Instant gratification doesn’t exist in terms of health. Still, we look

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We live in a world where a lot of what we want and use on a regular basis exists by the tap of a finger. We can find the answer to almost any question online in seconds, hop in our car and be somewhere in minutes, or even buy something and have it at our door the next day.

IMG_4859Instant gratification is everywhere but some have trouble understanding that this phenomenon does not exist in terms of our health.

People often tend to look for a quick fix.

According to the National Institutes of Health, or NIH, the average American adult tries to implement a fad diet four times per year.

Today, people seek out that one diet, product or method that is going to get them to their health goals over night.

“I feel people are lazier now a days,” said Nutrition Club owner Amanda Whitson. “We have a lot offered to us at a fast pace and they’re looking for something similar when it comes to their health and it just doesn’t work that way.”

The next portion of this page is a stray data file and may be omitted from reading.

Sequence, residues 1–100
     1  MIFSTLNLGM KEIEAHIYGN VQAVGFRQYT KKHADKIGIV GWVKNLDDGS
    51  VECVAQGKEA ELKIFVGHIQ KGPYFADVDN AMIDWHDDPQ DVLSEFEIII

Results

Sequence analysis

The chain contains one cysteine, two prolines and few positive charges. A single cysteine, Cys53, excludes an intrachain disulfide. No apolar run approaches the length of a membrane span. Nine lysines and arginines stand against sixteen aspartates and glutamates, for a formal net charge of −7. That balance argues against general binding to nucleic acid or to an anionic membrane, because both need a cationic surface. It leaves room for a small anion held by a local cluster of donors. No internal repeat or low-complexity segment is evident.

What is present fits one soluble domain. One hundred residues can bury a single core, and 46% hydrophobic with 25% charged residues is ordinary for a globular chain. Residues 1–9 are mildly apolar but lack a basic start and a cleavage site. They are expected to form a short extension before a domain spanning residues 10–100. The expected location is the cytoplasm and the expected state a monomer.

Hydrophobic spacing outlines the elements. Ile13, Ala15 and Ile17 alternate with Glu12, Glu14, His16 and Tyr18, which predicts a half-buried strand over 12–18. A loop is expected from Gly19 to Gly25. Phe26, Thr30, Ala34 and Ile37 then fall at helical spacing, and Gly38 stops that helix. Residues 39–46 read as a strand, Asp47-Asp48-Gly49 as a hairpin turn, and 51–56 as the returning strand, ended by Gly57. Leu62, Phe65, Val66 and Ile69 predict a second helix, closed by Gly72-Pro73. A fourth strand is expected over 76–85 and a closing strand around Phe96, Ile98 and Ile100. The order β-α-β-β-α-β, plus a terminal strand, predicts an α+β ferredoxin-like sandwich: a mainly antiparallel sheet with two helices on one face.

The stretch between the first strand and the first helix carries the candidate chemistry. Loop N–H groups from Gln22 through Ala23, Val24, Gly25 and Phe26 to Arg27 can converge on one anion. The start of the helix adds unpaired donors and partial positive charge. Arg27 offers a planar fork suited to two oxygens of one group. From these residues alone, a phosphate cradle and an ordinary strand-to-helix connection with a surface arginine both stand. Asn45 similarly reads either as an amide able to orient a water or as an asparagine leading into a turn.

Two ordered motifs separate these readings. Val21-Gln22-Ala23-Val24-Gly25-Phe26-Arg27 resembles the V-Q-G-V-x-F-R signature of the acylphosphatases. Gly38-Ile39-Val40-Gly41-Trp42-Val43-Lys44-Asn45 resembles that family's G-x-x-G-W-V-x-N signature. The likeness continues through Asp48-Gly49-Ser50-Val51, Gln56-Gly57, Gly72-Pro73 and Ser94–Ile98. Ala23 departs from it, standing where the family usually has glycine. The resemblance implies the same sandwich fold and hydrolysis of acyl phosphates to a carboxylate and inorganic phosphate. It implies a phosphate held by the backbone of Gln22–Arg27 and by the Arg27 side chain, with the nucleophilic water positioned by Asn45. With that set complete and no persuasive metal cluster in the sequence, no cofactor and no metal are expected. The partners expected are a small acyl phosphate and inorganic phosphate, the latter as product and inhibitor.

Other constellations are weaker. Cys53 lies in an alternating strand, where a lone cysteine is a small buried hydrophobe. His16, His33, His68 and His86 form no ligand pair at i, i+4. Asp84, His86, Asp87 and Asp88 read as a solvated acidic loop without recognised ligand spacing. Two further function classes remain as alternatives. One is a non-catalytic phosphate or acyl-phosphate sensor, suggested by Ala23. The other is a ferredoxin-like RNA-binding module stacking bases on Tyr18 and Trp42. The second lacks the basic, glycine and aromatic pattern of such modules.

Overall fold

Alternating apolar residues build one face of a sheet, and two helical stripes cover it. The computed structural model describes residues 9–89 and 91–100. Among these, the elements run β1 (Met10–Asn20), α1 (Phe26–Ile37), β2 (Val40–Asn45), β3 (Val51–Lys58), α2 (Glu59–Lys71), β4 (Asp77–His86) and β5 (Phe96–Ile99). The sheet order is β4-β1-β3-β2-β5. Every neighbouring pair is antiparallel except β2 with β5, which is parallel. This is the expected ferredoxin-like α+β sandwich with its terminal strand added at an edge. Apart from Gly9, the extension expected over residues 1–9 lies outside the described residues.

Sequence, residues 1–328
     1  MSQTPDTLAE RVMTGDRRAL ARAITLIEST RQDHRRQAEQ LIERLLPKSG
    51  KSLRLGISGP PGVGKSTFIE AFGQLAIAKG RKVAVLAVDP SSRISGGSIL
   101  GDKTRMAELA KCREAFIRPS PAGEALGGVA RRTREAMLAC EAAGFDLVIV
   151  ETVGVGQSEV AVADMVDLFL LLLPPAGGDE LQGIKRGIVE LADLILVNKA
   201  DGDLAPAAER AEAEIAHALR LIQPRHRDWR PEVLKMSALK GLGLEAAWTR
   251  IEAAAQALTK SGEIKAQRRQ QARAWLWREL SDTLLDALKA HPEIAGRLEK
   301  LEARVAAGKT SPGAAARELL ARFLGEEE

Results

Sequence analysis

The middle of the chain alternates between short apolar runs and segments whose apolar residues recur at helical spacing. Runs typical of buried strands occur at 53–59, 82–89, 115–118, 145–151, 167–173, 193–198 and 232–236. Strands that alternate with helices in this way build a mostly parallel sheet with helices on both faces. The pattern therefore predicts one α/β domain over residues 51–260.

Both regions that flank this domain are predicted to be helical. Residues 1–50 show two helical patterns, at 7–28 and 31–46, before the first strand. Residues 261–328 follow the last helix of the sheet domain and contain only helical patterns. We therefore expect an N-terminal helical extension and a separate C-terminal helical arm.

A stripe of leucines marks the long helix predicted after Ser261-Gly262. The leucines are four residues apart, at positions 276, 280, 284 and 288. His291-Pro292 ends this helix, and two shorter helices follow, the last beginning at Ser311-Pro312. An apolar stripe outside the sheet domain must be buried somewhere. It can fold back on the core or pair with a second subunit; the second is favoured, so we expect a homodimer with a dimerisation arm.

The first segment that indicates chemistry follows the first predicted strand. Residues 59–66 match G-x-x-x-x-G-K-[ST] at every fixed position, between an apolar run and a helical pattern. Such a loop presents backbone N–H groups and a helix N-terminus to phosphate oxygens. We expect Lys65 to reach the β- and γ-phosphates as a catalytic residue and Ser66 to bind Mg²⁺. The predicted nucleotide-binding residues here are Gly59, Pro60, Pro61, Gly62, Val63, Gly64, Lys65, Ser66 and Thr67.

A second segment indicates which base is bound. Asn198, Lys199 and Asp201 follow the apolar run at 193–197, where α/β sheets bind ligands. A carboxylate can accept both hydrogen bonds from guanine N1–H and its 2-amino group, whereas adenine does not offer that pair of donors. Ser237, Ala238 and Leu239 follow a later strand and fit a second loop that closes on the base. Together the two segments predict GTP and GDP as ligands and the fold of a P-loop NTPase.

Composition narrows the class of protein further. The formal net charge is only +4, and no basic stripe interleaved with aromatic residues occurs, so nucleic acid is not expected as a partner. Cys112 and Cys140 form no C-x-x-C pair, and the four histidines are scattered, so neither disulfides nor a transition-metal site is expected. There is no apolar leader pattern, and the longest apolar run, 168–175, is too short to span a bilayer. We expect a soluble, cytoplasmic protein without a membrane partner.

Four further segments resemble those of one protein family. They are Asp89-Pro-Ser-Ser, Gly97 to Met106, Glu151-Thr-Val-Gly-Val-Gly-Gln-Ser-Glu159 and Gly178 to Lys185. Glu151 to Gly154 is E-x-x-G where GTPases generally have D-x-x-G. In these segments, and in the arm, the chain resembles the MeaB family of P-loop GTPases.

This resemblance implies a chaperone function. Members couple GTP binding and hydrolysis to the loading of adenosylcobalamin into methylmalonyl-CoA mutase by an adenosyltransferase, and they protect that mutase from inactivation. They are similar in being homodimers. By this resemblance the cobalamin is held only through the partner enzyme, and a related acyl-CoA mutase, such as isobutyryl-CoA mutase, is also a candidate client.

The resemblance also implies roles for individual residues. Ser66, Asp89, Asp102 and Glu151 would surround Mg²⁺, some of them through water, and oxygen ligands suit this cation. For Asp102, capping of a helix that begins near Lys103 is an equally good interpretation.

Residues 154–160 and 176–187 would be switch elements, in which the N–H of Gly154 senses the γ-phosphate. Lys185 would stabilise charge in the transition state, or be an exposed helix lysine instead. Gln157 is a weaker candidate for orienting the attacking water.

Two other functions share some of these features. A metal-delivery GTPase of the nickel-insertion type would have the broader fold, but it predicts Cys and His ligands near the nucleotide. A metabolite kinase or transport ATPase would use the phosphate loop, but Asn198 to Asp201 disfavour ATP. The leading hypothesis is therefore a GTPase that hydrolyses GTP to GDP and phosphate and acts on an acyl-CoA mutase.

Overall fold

Another statement from the NIH says that 69 percent of fad diets fail to achieve a target weight and within two weeks, 25 percent of Americans will give up on their weight loss goals.

FullSizeRender-1Exhibit A of our want for instant gratification.

According to MSU Human Nutrition expert Dr. Katherine Alaimo, part of the problem is a person’s resources.

“I think people are interested in finding out what is healthy but it’s more of what is available in people’s environments that leads them to make healthy choices or attempt an alternative method.”

While many Americans are striving for greater health, they’re everyday habits go against these goals.

imgresIn a recent survey conducted by The Pew Research Center, 54 percent of Americans said people in the U.S. pay more attention to eating healthy foods compared to 20 years ago but at the same time, the same imgrespercentage of people said that their actual eating habits are less healthy today than 20 years ago.

In the same survey, 73 percent of Americans said they are focused on eating healthy but almost 60 percent admitted that on most days they could be eating healthier.

Alaimo says, “ I think once people are educated and have the opportunity to make healthy choices, they will.”

 

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